Science, politics and the ‘dreaded’ raccoon dog: Arctic week in Review

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The raccoon dog spread to North Sweden from neighbouring Norway. (iStock)
What is this animal and why is it roaming around North Sweden? The case of the dreaded raccoon dog was one of your most read stories on Eye on the Arctic this week. (iStock)

On this week’s news round-up, we bring you some of your most read stories from Eye on the Arctic this week

-Scientists have found a previously unknown giant virus in the permafrost of Siberia, a discovery they say is worrying at a time when such frozen soils are rapidly thawing.

– Hunters in Sweden’s North are being told to stay on the lookout for the dreaded raccoon dog, an invasive species believed to have made its way into Sweden from Finland

-The plight of asylum seekers in Europe has been making headlines around the world this week, in Finland, most are arriving via the country’s Arctic Lapland region

-Arctic expert Mia Bennett looks at what the recent visit of Chinese naval ships off the Aleutian islands tells us about the history of China’s presence in the North Pacific.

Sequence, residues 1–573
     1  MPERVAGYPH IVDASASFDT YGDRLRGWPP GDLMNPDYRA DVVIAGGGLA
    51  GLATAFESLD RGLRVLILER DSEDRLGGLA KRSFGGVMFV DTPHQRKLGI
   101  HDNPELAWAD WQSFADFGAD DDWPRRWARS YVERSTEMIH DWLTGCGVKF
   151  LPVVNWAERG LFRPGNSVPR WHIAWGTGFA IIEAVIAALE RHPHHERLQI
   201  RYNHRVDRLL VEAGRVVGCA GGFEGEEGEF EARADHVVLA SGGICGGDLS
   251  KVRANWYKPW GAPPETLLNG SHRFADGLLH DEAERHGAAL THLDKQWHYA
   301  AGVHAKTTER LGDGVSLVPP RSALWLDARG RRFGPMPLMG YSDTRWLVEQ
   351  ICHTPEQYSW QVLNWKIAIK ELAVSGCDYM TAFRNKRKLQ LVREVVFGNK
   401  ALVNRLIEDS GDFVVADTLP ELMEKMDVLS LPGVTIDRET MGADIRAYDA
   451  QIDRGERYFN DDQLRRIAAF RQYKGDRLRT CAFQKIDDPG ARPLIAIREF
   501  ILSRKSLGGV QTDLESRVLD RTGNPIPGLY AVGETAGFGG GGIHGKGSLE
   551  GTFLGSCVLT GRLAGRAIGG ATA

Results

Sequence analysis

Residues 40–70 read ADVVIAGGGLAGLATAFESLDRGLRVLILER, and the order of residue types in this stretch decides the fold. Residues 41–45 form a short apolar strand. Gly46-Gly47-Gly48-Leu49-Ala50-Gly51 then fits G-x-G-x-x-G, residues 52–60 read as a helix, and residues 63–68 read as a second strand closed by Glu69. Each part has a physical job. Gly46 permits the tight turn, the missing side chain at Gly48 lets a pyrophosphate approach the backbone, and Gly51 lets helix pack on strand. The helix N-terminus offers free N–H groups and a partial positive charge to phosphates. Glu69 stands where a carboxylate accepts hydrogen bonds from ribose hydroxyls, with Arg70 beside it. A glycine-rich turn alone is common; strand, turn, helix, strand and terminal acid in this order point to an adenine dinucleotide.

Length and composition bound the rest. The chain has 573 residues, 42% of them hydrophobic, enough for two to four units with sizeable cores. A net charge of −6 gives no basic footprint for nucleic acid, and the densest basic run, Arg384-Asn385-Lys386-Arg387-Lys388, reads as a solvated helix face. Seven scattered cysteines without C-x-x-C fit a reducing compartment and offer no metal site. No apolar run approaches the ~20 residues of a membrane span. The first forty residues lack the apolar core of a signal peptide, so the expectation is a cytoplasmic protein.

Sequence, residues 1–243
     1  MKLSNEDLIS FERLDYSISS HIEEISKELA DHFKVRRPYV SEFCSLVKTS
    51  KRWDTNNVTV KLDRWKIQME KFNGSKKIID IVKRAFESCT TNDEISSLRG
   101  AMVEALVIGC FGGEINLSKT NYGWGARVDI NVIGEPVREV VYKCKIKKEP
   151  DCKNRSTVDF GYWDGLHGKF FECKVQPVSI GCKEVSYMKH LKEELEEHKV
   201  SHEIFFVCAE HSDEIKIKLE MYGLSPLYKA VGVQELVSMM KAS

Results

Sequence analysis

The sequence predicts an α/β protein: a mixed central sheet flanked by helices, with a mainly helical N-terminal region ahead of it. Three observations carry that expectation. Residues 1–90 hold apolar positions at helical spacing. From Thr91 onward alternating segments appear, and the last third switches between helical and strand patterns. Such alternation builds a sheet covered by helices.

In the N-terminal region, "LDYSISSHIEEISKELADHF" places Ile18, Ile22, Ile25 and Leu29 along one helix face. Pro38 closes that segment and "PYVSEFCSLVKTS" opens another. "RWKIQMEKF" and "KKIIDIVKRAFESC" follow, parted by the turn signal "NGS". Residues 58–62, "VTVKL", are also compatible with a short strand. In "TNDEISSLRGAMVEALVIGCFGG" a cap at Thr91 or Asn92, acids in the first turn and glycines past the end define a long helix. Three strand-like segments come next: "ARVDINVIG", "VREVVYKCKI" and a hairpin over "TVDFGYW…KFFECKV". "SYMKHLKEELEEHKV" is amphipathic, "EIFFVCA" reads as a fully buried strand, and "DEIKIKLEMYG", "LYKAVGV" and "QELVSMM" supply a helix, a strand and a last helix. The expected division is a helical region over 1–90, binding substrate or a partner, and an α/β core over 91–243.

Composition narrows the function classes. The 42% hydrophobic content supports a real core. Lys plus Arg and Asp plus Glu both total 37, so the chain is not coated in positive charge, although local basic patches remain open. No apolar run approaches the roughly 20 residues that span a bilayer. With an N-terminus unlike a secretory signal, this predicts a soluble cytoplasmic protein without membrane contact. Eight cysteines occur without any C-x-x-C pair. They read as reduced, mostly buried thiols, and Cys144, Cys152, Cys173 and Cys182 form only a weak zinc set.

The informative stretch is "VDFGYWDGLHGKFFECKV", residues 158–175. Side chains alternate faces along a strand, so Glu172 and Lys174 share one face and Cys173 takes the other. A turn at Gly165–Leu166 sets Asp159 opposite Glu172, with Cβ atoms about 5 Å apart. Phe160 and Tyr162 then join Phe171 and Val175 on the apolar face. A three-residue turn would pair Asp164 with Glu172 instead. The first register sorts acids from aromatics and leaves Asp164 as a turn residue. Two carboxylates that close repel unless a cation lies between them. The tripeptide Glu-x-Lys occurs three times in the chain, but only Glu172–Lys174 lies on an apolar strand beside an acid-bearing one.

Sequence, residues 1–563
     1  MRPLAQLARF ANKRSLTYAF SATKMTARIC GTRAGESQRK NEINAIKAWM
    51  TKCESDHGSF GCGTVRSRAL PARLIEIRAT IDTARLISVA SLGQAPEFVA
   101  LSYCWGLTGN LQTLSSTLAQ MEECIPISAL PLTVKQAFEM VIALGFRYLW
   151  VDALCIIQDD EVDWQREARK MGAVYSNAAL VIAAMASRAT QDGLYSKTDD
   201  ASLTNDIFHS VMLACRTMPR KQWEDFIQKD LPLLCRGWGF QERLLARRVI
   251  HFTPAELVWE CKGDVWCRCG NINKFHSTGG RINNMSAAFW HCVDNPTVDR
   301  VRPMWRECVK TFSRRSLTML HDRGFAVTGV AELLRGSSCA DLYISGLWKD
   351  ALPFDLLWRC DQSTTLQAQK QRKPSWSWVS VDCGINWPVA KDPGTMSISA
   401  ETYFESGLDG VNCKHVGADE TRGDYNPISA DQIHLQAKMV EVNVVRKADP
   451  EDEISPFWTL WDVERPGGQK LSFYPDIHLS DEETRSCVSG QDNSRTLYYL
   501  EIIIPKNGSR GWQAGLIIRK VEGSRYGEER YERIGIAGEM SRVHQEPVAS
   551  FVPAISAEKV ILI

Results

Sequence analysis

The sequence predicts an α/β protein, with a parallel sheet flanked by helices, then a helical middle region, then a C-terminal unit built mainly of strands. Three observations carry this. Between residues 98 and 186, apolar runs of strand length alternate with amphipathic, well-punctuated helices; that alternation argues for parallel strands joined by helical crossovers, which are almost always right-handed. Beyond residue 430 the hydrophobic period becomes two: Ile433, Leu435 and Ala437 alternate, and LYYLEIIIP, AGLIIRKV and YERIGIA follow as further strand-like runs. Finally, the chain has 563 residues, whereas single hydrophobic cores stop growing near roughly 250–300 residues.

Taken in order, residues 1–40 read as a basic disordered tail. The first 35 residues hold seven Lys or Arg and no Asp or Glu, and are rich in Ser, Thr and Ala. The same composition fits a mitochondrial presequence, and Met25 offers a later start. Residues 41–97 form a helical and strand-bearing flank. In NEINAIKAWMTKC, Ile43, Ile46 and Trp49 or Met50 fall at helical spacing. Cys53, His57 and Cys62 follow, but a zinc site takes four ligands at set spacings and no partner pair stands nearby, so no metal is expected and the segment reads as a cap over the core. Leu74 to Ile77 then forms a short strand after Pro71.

-Scientists voice their concerns after a joint Norway-Russia polar bear count is called off, apparently for political reasons.

That’s all from us for now. We’ll be back on Monday with more of your latest stories and newsmakers from across the North.

Write to Eilís Quinn at eilis.quinn(at)cbc.ca

 

 

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Eilís Quinn, Eye on the Arctic

Eilís Quinn, Eye on the Arctic

Eilís Quinn is a journalist and manages Radio Canada International’s Eye on the Arctic news cooperation project.

Eilís has reported from the Arctic regions of all eight circumpolar countries and has produced numerous documentary and multimedia series about climate change and the issues facing Indigenous peoples in the North.

Her investigative report "Death in the Arctic: A community grieves, a father fights for change," about the violent death of Robert Adams, a 19-year-old Inuk man from Arctic Quebec, received an honourable mention for excellence in reporting on violence and trauma at the 2019 Dart Awards in New York City.

Her multimedia project on the health challenges in the Canadian Arctic, "Bridging the Divide," was a finalist at the 2012 Webby Awards.

Eilís has worked for media organizations in Canada and the United States and as a TV host for the Discovery/BBC Worldwide series "Best in China."

Twitter: @Arctic_EQ

Email: eilis.quinn(at)cbc.ca

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